At five o’clock on any weekday evening homegoing Londoners throng and bustle in Bishopsgate, spilling over into the roadway and confining the impatient traffic, their numbers constantly fed by powerful streams from the side alleys which debouch on the east side into this main artery of the City. Pushing into the entrance of one of these passages, opposite Liverpool Street Station, and making way against the station-bound crowds, one emerges at the end of it into a large open space — Devonshire Square. It is one of London’s many minor surprises, though not now a specially pleasant one. Most of the character which the Square had when it was first created in the eighteenth century has long since been destroyed. Though a few trees still stand among the parked cars, the vast blank wall of the Port of London Authority’s Cutler Street Warehouses (built in 1782) looms over the far side, while to the right a stretch of bomb damage lies unrenovated after a quarter of a century. Two sides are sober office buildings, most of them small and occupied by professional firms, premises of a character appropriate to a quiet backwater of a great city.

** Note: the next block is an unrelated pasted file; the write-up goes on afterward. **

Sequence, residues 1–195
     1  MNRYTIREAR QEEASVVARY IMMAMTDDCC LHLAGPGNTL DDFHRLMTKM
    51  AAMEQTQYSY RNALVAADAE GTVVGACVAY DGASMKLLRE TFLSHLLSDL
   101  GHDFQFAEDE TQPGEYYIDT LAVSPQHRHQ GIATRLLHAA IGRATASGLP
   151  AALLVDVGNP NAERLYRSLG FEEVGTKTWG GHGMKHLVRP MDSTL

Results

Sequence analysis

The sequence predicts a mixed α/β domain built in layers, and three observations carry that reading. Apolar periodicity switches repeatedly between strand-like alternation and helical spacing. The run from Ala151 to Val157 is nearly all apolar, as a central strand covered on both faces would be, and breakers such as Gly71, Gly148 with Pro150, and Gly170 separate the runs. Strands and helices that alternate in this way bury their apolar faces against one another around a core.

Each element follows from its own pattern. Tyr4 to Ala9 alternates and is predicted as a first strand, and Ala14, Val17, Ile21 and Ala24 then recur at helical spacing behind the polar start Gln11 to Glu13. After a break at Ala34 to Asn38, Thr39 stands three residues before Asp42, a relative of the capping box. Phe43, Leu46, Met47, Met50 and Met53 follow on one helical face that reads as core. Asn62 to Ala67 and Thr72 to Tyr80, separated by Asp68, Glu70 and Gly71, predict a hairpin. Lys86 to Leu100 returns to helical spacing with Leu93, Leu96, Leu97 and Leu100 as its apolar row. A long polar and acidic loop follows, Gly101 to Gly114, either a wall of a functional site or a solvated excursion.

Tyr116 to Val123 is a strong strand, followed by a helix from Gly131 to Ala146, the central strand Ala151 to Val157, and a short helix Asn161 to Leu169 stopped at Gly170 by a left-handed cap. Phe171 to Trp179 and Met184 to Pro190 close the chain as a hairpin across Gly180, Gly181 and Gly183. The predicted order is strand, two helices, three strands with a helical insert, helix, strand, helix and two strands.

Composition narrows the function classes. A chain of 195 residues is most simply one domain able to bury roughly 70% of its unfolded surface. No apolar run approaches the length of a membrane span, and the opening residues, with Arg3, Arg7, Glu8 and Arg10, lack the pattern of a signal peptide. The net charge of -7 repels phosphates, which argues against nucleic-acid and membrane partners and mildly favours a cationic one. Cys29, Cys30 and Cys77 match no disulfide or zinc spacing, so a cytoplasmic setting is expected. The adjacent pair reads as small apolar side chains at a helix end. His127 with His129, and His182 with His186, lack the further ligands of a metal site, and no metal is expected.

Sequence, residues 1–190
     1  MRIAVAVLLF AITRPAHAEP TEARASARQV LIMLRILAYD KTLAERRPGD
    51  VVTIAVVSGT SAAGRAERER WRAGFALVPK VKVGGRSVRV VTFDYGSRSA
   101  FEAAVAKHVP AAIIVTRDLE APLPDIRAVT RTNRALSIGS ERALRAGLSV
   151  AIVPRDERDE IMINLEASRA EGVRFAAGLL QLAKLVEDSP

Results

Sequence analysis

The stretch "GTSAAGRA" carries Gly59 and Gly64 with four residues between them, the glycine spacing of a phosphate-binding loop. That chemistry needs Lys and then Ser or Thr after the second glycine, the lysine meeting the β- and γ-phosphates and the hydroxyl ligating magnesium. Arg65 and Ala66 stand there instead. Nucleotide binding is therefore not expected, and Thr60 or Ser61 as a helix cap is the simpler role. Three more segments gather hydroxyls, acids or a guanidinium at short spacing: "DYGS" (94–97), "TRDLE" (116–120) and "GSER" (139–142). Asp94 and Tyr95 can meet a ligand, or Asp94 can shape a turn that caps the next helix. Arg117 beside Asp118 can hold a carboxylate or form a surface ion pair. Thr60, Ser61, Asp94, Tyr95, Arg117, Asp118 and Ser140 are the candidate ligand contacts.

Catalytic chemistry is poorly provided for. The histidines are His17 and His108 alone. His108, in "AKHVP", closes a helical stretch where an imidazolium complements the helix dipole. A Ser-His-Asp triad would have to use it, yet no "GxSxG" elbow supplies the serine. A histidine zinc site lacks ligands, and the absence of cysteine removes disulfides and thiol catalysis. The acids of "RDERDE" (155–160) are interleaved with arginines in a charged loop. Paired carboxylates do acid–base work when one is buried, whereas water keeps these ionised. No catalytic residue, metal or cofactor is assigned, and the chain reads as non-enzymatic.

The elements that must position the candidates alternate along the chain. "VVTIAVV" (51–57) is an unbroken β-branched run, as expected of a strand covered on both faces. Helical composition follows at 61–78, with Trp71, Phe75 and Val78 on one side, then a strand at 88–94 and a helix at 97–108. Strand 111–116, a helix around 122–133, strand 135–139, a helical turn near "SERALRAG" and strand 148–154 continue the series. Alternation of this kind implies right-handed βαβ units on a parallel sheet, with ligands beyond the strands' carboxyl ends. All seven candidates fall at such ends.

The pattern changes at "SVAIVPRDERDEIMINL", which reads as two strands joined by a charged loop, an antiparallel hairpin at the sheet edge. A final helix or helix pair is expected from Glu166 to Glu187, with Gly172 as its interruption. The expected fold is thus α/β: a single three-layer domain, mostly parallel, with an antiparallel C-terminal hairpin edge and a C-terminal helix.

KeywordsYoung Brother East India Company Great City Large Open Space Business Affair
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